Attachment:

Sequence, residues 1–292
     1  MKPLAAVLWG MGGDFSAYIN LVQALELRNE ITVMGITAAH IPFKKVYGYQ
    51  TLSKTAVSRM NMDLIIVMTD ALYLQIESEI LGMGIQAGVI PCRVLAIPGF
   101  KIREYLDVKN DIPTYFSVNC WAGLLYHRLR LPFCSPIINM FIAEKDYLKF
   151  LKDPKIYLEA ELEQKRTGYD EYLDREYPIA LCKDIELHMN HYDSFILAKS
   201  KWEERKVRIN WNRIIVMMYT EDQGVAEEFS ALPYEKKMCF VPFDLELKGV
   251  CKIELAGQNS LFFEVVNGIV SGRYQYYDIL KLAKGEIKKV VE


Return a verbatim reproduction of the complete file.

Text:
Sequence, residues 1–292
     1  MKPLAAVLWG MGGDFSAYIN LVQALELRNE ITVMGITAAH IPFKKVYGYQ
    51  TLSKTAVSRM NMDLIIVMTD ALYLQIESEI LGMGIQAGVI PCRVLAIPGF
   101  KIREYLDVKN DIPTYFSVNC WAGLLYHRLR LPFCSPIINM FIAEKDYLKF
   151  LKDPKIYLEA ELEQKRTGYD EYLDREYPIA LCKDIELHMN HYDSFILAKS
   201  KWEERKVRIN WNRIIVMMYT EDQGVAEEFS ALPYEKKMCF VPFDLELKGV
   251  CKIELAGQNS LFFEVVNGIV SGRYQYYDIL KLAKGEIKKV VE